Light from the lamp 26 is directed partly radially outwardly through the window 16, but a large portion of the light is concentrated in the direction of the viewing axis to provide so-called vertical illumination in the direction of view. This maximizes the concentration of light in the field of view and also provides radially emitted light for filling in shadow detail and improving contrast.
In accordance with the invention, the lamp 26 is pulse energized during visual observation at a sufficiently rapid repetition rate to minimize or eliminate objectionable flicker. Generally, a rate in excess of about fifty to sixty flashes per second is adequate. The individual pulses of energy may be relatively short such as, for example, about ten to fifty microseconds and of sufiicient intensity to provide fully adequate illumination without excessive heating or overloading of the lamp 26.
The characteristics of the lamp are such that a certain minimum power is necessary in order to produce luminescence, and if such a power is applied constantly, the lamp overheats or fails. By applying a relatively high energy pulse to the lamp at appropriate intervals, the lamp is intermittently energized at a relatively high level, but the average power input to the lamp is maintained at a relatively low level, thus minimizing the heat dissipation and enhancing the service life of the lamp.
When it is desired to take a photograph of the image transmitted by the endoscope, a relatively high energy pulse, either one of longer duration or one of greater amplitude is applied to the lamp 26, and a relatively prolonged rest period is provided immediately following such energization to permit the lamp to cool and recuperate. The lamp will withstand extremely high energization rates for relatively short periods of time provided adequate cooling and recuperation time is allowed immediately sub- .sequent to such energization.
Energization of the lamp in accordance with the invention may be achieved by any desired circuit means such as, for example, the circuit illustrated in simplified form in FIG. 1. As shown, the circuit includes two direct current energy sources 36 and 38 respectively. The first source 36 is a relatively high voltage source connected between one of the energizing electrodes 28 and 30 and the trigger electrode 32 selectively through either a vibrator 40 or a momentary contact push button 42. The other source 38 is a relatively low voltage source and is vconnected for selectively charging one or the other of two capacitors 44 and 46 through a variable charging resistor 48.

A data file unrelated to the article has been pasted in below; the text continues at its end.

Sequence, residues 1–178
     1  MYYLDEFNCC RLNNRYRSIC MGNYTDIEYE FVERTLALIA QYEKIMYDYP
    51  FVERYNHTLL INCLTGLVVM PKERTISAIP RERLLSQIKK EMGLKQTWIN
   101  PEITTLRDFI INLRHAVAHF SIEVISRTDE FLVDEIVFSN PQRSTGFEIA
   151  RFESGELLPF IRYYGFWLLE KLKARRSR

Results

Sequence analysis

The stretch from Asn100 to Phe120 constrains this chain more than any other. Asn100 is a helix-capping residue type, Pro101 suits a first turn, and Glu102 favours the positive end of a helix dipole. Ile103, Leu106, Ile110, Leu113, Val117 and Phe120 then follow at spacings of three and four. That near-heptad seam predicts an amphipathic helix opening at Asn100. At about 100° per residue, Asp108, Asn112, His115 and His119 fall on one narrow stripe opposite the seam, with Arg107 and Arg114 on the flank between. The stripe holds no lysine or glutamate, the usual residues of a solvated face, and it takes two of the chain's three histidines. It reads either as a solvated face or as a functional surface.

A manually actuatable, double pole, double throw switch 50 is connected for selecting the mode of operation of the circuit. When the switch is in its lower position, as viewed in the drawing, the trigger voltage is applied to the lamp through the vibrator 40, and the low voltage source 38 is connected for charging the first capacitor 44, which is of relatively small value. When the switch is moved to its alternate, or upper position, the source 38 is connected for charging the second capacitor 46, which is of relatively large value, and the trigger voltage is applied through the momentary contact switch 42.
The first capacitor 44 is charged during the intervals 'in which the vibrator contacts are open, and delivers a relatively low energy content pulse to the lamp each time the vibrator contacts close, thus providing discontinuous illumination at a relatively high repetition rate for visual observation.
For making a photograph, the switch 50 is reversed to connect the momentary contact switch 42 and the relatively large capacitor 46 in the circuit. The large capacitor 46 delivers a relatively high energy content pulse to the lamp 26 upon closing of the momentary contact switch 42 to provide a relatively intense illumination for exposing the film. For a single, short interval, followed by a relatively long rest period, the lamp 26 may be operated at a power level much higher than the level permissible when it is energized repetitively at relatively short intervals.
Adjustment of the energy levels of the pulses may be made by adjusting the output level of the low voltage source 38 in the case of pulses used for photographic observation, or by adjusting either the source 38 or the variable resistor 48, in the case of the visual observation pulses.
What is claimed is:
An illuminating means in an endoscope comprising, an endoscope, an optical system receiving an image of a predetermined field of view in said endoscope, a lamp associated with said optical system in said endoscope illumimating the field of view, a source of direct current energy for energizing said lamp, an RC. circuit having a short discharge time interval selectively connected to said source of direct current energy, an RC. circuit having a long discharge time interval selectively connected to said source of direct current energy, a second source of direct current energy for triggering said lamp, a short time interval switching means selectively connected to said second source of direct current energy, a long time interval switching means selectively connected to said second source of direct current energy, means selectively and alternatively connecting said lamp for energization and triggering of said lamp to said sources of direct current energy for short time interval operation, or long time interval operation through said R.C. circuits and said switching means to vary the repetition rate of illumination of said lamp.
References Cited by the Examiner UNETED STATES PATENTS 300,525 6/1884 "Starr 128-6 2,478,901 8/1949 Edgerton 3l524l 2,867,209 1/1959 Foures et al. 128-6 2,936,753 5/1960 Storz 1286 OTHER REFERENCES German printed application 1,025,562, March 1958, (Wolf) 128-4.
RICHARD A. GAUDET, Primary Examiner. ROBERT E. MORGAN, Examiner.
R. L. FRINKS, Assistant Examiner.